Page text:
Australia in South Africa 2011-12

Ponting incredibly important part of team - Langer

Brydon Coverdale in Cape Town

November 13, 2011

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Ricky Ponting discusses a shot with batting coach Justin Langer, Chandigarh, September 23, 2010
Justin Langer: "Someone like Ricky Ponting has not only got 12,500 Test runs but his influence in the team is unbelievable." © AFP
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Players/Officials: Justin Langer | Ricky Ponting
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Australia's assistant coach, Justin Langer, has described Ricky Ponting as "an incredibly important part" of the Test side, despite his recent lack of runs. Langer warned against widespread changes to the team after the humiliation of being dismissed for 47 in Cape Town on Thursday, although he conceded it was not clear whether the team had hit bottom yet.

Australia fly to Johannesburg on Monday ahead of the second Test, which begins at the Wanderers on Thursday, and they will be without the injured Shaun Marsh. Usman Khawaja is expected to play in Marsh's absence, while David Warner will be flown in to join the squad but is unlikely to make the starting XI.

However, pressure is mounting on Ponting, who twice in the Newlands Test walked across his stumps and was lbw. Not only has he not made a Test hundred since January 2010, he has now played 12 innings since his last half-century. Mark Taylor survived a stretch of 21 innings without a fifty, but he was the captain and at 32, was four years younger than Ponting is now.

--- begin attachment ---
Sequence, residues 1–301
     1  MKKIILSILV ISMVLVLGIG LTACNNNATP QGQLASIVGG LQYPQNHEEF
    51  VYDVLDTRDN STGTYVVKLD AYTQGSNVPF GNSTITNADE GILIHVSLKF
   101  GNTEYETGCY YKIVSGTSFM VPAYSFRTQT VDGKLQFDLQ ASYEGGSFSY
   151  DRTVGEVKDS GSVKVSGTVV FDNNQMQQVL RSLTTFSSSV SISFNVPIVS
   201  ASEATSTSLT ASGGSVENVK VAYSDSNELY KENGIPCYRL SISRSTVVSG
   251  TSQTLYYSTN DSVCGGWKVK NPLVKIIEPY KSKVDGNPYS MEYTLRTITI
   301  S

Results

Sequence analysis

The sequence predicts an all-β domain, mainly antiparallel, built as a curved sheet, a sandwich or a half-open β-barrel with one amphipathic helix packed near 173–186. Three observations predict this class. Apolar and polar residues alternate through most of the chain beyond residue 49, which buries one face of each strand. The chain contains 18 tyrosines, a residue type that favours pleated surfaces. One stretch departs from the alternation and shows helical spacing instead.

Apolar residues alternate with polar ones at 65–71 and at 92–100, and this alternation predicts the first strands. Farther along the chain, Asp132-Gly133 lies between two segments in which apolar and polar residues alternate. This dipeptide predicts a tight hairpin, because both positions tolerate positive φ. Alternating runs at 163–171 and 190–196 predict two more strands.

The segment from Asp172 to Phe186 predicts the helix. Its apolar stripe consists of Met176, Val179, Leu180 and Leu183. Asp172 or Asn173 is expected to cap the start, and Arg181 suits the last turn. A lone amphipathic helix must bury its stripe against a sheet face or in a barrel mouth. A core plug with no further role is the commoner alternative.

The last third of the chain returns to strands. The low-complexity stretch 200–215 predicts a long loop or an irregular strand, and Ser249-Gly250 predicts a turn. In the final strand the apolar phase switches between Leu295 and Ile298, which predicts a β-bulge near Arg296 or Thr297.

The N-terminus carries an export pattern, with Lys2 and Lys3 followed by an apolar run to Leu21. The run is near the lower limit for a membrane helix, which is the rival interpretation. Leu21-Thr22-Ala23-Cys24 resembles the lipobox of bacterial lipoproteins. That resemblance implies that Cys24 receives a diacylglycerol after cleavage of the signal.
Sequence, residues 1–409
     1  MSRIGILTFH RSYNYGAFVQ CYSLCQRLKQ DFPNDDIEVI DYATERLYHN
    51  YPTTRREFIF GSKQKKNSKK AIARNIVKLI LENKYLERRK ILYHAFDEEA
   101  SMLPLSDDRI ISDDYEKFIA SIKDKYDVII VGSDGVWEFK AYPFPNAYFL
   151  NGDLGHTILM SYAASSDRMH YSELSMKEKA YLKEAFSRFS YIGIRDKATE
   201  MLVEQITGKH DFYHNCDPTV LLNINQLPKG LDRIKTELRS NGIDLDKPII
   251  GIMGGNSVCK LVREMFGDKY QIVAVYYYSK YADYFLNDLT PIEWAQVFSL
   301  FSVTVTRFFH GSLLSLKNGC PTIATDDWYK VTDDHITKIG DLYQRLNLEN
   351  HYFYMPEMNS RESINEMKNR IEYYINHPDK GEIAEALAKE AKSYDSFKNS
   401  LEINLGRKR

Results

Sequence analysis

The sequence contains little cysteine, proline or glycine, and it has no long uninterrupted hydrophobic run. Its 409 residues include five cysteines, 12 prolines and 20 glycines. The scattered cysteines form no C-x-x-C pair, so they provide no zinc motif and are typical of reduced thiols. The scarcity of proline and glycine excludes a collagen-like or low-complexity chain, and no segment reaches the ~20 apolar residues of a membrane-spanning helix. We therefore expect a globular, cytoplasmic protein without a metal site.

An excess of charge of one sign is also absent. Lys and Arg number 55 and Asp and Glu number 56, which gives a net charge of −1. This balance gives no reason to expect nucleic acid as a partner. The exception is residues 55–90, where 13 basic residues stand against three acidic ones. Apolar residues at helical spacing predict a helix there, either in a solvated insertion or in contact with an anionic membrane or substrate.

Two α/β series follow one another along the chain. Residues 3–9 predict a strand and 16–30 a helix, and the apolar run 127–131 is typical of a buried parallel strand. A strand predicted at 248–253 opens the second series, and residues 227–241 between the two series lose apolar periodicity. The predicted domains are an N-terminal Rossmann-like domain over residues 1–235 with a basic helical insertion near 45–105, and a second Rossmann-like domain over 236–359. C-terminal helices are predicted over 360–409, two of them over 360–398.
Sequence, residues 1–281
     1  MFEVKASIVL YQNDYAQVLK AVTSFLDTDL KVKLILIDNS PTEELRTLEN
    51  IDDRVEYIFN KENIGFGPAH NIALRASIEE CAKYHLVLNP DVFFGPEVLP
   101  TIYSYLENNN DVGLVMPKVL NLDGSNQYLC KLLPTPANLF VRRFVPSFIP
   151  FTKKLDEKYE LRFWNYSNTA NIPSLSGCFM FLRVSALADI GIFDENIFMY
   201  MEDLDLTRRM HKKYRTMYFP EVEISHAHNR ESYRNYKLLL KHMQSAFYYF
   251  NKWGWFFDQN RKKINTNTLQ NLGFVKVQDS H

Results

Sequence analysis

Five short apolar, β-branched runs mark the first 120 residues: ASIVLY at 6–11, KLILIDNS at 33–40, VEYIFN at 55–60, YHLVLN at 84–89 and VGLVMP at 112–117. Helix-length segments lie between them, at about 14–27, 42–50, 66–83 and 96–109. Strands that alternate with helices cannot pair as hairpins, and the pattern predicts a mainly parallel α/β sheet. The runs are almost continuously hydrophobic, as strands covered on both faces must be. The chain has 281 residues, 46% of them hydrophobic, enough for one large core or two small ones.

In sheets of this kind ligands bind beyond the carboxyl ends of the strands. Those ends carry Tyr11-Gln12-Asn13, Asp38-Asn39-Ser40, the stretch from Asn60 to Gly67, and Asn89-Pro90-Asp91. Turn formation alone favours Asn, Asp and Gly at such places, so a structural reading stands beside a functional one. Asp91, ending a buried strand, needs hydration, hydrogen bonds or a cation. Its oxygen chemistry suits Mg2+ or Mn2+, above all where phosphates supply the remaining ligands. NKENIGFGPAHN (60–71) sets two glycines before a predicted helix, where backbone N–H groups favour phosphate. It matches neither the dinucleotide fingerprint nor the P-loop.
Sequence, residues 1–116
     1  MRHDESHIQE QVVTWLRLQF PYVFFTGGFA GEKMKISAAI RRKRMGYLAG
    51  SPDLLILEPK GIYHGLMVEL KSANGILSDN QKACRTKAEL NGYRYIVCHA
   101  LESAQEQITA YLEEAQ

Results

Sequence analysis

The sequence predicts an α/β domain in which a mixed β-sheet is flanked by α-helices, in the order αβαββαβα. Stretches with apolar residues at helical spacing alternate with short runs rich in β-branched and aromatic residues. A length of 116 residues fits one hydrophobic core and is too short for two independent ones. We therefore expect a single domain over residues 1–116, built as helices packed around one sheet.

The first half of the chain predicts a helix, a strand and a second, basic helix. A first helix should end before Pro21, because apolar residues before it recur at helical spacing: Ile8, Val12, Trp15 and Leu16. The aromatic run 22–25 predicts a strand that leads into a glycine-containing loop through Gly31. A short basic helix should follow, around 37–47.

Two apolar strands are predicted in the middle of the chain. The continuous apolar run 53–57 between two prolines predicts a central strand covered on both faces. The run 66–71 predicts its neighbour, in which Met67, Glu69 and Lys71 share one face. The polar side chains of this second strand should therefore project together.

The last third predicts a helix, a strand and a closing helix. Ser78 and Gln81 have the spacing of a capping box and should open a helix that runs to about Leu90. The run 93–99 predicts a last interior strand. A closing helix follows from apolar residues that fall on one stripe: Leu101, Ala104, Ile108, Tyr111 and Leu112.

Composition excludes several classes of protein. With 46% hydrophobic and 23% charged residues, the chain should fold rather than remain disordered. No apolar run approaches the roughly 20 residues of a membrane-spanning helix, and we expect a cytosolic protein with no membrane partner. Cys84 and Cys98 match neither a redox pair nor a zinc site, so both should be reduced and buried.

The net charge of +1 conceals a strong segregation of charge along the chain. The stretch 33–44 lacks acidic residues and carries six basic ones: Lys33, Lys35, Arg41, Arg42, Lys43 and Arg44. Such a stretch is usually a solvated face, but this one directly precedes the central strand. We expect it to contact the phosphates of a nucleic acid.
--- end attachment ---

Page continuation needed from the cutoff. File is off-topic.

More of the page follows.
At Australia's optional training session on Saturday, after the Test finished inside three days, Ponting was one of only three batsmen who worked in the nets, along with Phillip Hughes and Shane Watson. Langer emphasised the "unbelievable" influence Ponting had in the team environment, despite his struggle for runs.

"We've got to be sensible about whether the guys you leave out or the changes you make are going to be replaced by someone better," Langer said. "Some might argue we've got nothing to lose and anything could be better. Well, maybe, but someone like Ricky Ponting has not only got 12,500 Test runs but his influence in the team is unbelievable. He's a really tough case. That's why he's working hard. At the moment, in my opinion it's really important Ricky Ponting is in this Australian cricket team."

While Ponting is expected to play at the Wanderers, it will be interesting to see how he is handled by John Inverarity's new selection panel. The new group will pick the squad for Australia's Test series against New Zealand, which starts on December 1, and Langer said Ponting knew he was under pressure to score runs soon.

"He's human," Langer said. "He'll hate me to say this, but I've seen McGrath, Steve Waugh, Matthew Hayden, Adam Gilchrist. They went through it. I love seeing that: they're human. I thought it was just me and the nuffies who weren't very good, who had self-doubts. He knows. He's a very grounded person. He knows how the system works better than anyone: you've got to score runs to stay in the team. He's determined to do that.

"No, he's not making as many runs as anyone would like at the moment. But he is an incredibly important part of this team. I say that without any hesitation."